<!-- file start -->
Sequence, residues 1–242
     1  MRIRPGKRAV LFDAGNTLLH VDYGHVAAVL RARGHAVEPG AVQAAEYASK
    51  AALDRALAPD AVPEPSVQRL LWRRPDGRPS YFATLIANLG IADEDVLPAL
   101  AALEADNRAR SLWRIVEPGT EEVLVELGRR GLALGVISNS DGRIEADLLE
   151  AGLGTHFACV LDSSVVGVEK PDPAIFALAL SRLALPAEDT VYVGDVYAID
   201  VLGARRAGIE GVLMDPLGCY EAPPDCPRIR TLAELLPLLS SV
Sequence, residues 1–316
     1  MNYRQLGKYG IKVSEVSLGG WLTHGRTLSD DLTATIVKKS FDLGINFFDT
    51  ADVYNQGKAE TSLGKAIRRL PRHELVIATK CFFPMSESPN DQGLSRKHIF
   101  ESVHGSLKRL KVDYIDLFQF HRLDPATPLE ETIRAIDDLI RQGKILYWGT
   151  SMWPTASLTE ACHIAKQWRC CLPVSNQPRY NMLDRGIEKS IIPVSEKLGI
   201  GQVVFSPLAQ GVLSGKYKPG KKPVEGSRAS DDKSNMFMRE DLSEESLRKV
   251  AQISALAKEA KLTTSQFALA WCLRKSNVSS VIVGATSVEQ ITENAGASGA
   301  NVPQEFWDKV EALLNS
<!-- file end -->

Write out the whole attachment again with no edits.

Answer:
Sequence, residues 1–242
     1  MRIRPGKRAV LFDAGNTLLH VDYGHVAAVL RARGHAVEPG AVQAAEYASK
    51  AALDRALAPD AVPEPSVQRL LWRRPDGRPS YFATLIANLG IADEDVLPAL
   101  AALEADNRAR SLWRIVEPGT EEVLVELGRR GLALGVISNS DGRIEADLLE
   151  AGLGTHFACV LDSSVVGVEK PDPAIFALAL SRLALPAEDT VYVGDVYAID
   201  VLGARRAGIE GVLMDPLGCY EAPPDCPRIR TLAELLPLLS SV
Sequence, residues 1–316
     1  MNYRQLGKYG IKVSEVSLGG WLTHGRTLSD DLTATIVKKS FDLGINFFDT
    51  ADVYNQGKAE TSLGKAIRRL PRHELVIATK CFFPMSESPN DQGLSRKHIF
   101  ESVHGSLKRL KVDYIDLFQF HRLDPATPLE ETIRAIDDLI RQGKILYWGT
   151  SMWPTASLTE ACHIAKQWRC CLPVSNQPRY NMLDRGIEKS IIPVSEKLGI
   201  GQVVFSPLAQ GVLSGKYKPG KKPVEGSRAS DDKSNMFMRE DLSEESLRKV
   251  AQISALAKEA KLTTSQFALA WCLRKSNVSS VIVGATSVEQ ITENAGASGA
   301  NVPQEFWDKV EALLNS